You may have noticed the lack of Econnect newsletters since June. We hope you’re ready to see our latest communication tips again.
The reason? Econnect has been going through some big changes over the past three months. After 21 years of working with various teams of terrific in-house consultants, I’ve decided to go it alone with the help of a few subcontractors, including previous staff members.
Please check out our new website. I’d love your feedback. Thanks to Alison Binney (a former member of our team) for putting it together for me.
I’ve also sold our office premises at West End, Brisbane, and have rented a smaller space downstairs in the same building from the new owners.
As a reflection of all this change, I thought we would make this month’s newsletter about Adapting to change. Communicators can play a vital role in helping people adapt to change.
One of the aims of science communicators is to help decision-makers to make more informed choices. This is how we can influence changes to policies and actions.
But often the culture of science means it can be hard to provide the black and white facts that many decision-makers want before they are willing to create change.
Scientists deal in probabilities, not absolutes. Definitive experiments that absolutely prove something as true are virtually impossible for many fields of science. The science often tells contradictory stories (think of research on the benefits, or not, of red wine). And scientists want to include all the qualifications to their results.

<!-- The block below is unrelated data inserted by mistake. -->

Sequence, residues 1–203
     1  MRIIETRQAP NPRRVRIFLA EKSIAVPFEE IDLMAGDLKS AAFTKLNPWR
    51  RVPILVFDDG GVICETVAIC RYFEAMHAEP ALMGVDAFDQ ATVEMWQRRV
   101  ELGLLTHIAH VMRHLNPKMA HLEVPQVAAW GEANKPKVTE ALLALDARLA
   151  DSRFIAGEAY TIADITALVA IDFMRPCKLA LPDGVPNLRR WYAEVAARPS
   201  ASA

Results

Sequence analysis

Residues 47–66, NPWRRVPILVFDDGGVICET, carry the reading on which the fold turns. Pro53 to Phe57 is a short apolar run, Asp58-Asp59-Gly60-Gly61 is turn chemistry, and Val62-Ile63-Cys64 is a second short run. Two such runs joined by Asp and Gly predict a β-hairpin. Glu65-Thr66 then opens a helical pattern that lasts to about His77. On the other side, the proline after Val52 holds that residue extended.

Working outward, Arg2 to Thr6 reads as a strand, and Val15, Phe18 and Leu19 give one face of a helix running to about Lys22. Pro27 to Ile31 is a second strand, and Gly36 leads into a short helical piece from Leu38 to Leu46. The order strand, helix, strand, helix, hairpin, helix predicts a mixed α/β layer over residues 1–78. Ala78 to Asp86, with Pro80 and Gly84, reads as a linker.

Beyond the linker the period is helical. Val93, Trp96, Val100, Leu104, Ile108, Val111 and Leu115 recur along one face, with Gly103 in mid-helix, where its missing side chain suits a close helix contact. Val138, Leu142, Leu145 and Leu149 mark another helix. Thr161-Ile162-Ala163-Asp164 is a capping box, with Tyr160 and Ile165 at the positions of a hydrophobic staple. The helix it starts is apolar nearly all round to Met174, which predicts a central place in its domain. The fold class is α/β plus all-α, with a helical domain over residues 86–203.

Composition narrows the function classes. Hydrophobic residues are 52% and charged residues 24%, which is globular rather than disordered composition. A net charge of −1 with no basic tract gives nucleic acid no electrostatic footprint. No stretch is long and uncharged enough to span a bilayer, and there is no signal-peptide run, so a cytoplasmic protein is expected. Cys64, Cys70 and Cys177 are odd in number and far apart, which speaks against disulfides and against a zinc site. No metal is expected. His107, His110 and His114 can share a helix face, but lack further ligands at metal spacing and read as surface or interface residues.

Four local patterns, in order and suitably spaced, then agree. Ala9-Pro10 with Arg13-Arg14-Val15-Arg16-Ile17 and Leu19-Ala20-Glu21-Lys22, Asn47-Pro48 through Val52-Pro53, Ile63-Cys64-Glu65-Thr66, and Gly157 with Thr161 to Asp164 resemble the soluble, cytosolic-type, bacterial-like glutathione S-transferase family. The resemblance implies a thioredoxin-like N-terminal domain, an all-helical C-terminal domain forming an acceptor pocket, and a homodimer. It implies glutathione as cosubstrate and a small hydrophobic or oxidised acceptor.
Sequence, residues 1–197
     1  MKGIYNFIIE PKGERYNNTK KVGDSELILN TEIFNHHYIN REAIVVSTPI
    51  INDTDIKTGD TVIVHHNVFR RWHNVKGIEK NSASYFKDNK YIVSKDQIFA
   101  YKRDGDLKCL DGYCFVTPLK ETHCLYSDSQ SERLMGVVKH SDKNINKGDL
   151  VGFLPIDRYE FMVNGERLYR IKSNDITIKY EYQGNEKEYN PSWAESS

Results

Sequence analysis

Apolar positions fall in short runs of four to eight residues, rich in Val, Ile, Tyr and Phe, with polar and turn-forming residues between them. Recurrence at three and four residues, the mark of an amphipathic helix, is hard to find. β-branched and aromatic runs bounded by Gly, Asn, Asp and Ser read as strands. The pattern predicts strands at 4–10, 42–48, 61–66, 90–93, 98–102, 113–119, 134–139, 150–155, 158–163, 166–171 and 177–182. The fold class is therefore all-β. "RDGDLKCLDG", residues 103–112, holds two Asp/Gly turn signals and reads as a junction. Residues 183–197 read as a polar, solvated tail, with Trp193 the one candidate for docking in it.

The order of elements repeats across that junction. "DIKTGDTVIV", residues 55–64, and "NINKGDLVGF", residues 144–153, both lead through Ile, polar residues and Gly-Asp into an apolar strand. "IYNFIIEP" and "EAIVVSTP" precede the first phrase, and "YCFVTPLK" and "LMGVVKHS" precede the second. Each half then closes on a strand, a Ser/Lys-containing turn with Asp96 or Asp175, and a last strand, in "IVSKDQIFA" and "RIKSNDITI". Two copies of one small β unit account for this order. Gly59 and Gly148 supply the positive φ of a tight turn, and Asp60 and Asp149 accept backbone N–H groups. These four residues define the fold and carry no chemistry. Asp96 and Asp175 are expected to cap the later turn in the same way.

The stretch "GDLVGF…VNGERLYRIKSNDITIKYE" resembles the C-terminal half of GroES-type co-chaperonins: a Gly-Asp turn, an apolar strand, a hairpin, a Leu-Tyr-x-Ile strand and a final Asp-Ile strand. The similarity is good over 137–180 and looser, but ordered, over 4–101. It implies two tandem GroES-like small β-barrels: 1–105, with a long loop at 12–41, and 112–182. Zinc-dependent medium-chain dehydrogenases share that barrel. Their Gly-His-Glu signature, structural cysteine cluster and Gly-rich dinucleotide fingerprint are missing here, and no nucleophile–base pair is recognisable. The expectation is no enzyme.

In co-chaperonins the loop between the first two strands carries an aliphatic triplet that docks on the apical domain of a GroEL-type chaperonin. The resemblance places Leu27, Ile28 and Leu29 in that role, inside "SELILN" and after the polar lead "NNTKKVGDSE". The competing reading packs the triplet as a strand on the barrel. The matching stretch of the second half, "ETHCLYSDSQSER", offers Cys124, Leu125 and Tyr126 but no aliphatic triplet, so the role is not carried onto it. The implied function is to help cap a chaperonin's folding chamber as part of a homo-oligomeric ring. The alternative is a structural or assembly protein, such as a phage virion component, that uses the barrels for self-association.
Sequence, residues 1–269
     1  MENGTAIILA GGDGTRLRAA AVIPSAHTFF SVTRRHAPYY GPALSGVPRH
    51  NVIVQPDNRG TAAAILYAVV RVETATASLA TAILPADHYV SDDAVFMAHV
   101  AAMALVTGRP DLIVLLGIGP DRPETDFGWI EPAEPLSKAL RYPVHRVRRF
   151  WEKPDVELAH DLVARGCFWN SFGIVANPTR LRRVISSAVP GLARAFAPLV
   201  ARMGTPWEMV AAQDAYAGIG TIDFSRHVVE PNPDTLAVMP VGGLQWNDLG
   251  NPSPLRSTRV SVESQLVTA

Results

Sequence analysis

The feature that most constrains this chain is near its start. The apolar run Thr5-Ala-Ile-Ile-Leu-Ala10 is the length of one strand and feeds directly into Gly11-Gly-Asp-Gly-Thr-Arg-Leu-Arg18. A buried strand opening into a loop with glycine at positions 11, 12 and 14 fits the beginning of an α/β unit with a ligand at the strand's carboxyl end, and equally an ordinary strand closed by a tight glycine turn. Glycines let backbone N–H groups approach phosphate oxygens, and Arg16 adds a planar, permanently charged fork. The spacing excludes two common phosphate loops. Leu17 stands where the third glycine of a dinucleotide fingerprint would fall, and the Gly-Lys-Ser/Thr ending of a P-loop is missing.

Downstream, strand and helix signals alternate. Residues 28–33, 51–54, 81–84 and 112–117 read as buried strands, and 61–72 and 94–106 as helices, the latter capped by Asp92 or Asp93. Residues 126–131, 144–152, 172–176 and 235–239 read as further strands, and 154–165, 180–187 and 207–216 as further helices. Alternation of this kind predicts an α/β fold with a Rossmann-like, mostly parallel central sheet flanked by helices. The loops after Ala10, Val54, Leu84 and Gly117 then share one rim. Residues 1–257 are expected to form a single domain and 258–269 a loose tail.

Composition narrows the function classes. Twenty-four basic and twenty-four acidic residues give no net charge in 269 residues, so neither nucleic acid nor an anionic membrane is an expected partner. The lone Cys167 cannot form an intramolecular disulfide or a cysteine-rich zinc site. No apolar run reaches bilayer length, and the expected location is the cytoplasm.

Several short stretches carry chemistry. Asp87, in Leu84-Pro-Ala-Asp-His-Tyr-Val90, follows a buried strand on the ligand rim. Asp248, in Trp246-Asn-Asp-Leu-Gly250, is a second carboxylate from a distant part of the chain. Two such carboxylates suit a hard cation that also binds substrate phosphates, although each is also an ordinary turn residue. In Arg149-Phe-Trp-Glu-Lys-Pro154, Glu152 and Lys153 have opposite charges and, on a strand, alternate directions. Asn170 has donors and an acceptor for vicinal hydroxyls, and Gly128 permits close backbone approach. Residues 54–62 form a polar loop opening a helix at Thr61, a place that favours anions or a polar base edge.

Red wine: healthy, or not? Image: Carl Davies, CSIRO Science Image
So what can communicators do to help facilitate change based on evidence?
Listen to the communication needs of the decision-makers.
Communicate as early as possible about any new information that will help people to change before it becomes too late.
Focus on solutions to a problem, rather than the impacts of the problem.
Learn to paint the big picture of evidence rather than getting lost in the detail.
It’s more about accepting change
By Sarah Cole
It’s been a long time since I’ve done paid full-time work. A momentous change – the birth of my son was nearly a year ago, now.
Looking back, even if I’d had future-me to talk to, then, all future-me’s words would be in a foreign language I was not yet fluent in. I’d get the gist, but not get it.
Adapting to the change has been more about accepting it, I’ve found. When people have asked about coping with other changes in my life, I’ve said before, “You do it, or you die.” There’s no ‘not coping’.
Here’s how I think I’ve muddled through:
Find shipmates. Those people who are in the same boat as you? They’ll be invaluable, learning and laughing alongside you and your mistakes.
Accept people’s advice gently. Now I understand the reason for the sometimes overwhelming mountains of advice from others. Mostly, it’s empathy, hoping that just one thing you say could make life easier for another person.
Allow a little struggle. It sure is difficult to come to terms with change if you haven’t waded in, waded through it. Get in, find the slippery, invisible floor with your feet, then start walking out.
Communicating messages for change
By Jenni Metcalfe
In my communication to farmers about managing their climate risk and adapting to inevitable climate change, I’ve discovered that there are messages that work to facilitate change and others that will more likely entrench the status quo. The Climatedogs – animated explanations of climate drivers in Australia that focus on showing trends. Image: Managing Climate Variability
Facts + emotions + values
It’s all about you
It’s all about the science
Costs of inaction
Costs of action
Show the trends
Argue the details
People benefiting from change
People suffering from impacts of not changing
Quote of the month
“We must all obey the great law of change. It is the most powerful law of nature.”